based on the color of the binders used for storing the paper docs for each of them. Below is a list
of what they represent:

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                                     Compact Disc Book Standards




There are software packages available that allow you to author CDs for one or more of the
Rainbow Books standards. They range from the basic wizard-type programs that will burn a disc
with a few clicks of the mouse that cost about $50 to sophisticated platforms that produce
professional-quality discs with advanced tools for hundreds of dollars.




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The Red Book standard applies specifically to audio. The basic set of standards for Red Book CDs
is:

    •    Maximum playing time is 74 minutes (including pauses)
    •    Minimum duration for a track is 2 seconds
    •    Maximum number of tracks is 99
    •    Maximum number of index points (subdivisions of a track) is 99 with no maximum time
         limit
    •    International Standard Recording Code (ISRC) should be included

In order for audio CDs to be Red Book compliant (meaning that they’re guaranteed to playback
on any player that supports audio CDs), they need to follow the above standards. This isn’t an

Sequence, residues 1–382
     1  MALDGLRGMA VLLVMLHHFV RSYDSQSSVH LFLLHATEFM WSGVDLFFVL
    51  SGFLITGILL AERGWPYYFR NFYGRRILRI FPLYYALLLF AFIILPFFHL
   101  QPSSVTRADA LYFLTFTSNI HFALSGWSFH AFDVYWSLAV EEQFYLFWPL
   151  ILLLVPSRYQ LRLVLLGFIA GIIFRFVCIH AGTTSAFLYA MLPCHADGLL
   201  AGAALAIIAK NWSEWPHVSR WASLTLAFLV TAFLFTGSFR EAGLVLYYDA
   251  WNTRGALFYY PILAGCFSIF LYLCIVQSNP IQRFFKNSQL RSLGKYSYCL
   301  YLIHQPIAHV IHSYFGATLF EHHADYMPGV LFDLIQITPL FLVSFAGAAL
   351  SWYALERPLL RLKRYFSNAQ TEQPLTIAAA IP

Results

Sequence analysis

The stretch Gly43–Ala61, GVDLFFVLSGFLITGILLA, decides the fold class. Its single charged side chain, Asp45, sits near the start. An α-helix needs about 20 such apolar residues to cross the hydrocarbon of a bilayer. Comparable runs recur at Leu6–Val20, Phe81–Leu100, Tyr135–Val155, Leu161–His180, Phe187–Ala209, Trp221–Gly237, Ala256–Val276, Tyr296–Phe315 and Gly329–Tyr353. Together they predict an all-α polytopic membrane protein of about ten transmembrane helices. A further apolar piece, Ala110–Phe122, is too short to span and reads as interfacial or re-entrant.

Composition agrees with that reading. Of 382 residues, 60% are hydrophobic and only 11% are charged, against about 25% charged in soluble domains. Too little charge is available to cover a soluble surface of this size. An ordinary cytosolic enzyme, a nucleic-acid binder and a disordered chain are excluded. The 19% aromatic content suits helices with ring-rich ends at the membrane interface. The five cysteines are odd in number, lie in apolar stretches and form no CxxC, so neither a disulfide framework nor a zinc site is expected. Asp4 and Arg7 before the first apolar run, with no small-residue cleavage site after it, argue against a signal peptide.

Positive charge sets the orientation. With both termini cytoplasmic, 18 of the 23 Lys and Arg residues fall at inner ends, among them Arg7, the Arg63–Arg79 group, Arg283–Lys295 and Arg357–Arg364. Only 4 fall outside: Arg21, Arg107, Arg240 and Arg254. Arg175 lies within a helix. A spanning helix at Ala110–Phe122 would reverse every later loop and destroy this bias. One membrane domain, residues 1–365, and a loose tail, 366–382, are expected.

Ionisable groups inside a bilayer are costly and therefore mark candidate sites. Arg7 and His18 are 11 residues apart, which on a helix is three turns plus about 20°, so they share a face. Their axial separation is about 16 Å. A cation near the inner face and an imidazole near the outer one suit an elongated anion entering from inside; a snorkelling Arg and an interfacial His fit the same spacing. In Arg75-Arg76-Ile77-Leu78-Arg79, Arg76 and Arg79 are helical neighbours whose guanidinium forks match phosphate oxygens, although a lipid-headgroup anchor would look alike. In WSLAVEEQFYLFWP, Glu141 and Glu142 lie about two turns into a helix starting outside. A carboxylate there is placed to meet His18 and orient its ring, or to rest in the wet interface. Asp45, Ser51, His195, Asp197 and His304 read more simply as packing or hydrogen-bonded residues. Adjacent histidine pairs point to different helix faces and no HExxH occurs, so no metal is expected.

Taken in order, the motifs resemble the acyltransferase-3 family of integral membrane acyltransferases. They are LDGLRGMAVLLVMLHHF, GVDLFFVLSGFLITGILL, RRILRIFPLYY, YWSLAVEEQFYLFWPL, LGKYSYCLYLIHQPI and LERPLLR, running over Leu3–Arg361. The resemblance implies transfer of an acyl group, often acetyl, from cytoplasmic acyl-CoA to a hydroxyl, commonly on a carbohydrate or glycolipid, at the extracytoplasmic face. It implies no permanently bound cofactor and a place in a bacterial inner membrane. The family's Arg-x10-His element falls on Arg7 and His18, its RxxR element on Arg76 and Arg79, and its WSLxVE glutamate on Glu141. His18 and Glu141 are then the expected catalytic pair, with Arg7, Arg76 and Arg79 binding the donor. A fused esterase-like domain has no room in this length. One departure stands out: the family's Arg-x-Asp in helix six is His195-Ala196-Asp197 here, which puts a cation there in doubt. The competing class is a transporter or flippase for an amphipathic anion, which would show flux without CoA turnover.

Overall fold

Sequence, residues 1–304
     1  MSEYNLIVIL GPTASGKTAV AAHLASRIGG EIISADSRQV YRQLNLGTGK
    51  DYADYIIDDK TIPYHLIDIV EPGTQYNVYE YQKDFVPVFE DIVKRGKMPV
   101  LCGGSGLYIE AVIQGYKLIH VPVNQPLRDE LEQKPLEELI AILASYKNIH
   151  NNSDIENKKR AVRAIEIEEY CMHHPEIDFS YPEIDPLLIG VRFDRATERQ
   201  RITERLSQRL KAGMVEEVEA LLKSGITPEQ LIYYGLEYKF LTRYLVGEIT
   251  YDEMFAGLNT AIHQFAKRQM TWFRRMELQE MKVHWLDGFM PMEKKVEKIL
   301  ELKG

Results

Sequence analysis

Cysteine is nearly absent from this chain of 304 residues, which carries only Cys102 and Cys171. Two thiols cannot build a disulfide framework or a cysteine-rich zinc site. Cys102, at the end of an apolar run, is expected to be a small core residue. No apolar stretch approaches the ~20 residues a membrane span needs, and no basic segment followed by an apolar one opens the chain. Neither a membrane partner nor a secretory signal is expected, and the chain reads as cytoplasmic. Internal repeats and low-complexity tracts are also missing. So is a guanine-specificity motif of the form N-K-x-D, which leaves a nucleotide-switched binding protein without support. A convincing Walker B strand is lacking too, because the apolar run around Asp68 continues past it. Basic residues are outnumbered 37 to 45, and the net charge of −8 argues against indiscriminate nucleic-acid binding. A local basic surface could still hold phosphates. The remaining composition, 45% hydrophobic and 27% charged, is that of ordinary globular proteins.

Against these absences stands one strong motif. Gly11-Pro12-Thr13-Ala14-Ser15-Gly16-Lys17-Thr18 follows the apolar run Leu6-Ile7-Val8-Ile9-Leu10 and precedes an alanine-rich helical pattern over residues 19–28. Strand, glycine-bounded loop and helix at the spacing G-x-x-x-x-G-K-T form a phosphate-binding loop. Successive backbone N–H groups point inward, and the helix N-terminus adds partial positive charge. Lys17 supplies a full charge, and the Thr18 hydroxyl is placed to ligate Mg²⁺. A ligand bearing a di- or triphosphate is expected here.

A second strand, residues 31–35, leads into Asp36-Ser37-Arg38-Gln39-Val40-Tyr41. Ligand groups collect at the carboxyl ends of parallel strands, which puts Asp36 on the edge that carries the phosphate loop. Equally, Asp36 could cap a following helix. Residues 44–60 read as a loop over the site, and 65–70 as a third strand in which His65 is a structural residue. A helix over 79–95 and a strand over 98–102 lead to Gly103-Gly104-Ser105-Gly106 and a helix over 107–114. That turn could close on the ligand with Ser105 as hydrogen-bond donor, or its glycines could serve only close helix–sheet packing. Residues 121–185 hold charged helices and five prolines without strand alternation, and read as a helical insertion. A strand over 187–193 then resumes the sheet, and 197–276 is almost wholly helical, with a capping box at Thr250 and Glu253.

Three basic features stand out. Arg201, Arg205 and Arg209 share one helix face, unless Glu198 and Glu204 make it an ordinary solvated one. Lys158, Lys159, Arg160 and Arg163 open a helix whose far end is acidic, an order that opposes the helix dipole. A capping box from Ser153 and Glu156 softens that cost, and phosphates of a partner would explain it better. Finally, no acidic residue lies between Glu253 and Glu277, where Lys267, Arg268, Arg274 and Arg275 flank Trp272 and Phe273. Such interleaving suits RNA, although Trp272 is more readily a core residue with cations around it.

issue now because as mentioned earlier most of the newer CD players can also play discs that
are Orange Book (and other standards) encoded, which allow you to do things like burn an 80-
minute CD-R and play it back, but if you were authoring CDs in the early ‘90s, chances were that
you would be running into issues getting an 80-minute CD-R to play back on most players.
Mastering Engineers, when mastering projects intended for audio CD release, will adhere to these
guidelines as much as possible, to ensure that the CDs that are produced will have the best
chances of playing back over any player.

Information Wars

In 1996 the Red Book standard was updated to include text data (CD-TEXT). This allows you to
encode the album title, artist name and song titles while still maintaining the strict Red Book
standard. Most players found in cars these days support CD-TEXT, but where the support for this
feature lacks most is in software players & CD drives for computers. Often times, artists find that
their properly encoded discs don’t display the CD-TEXT information when inserting their CD in the
computer, and there are two main reasons why. First, the firmware of the CD drive on your
computer must support CD-TEXT (most newer drives do) and second, the software player on your
computer must also support CD-TEXT.

On the software side, it almost seems as though software developers purposely don’t support it.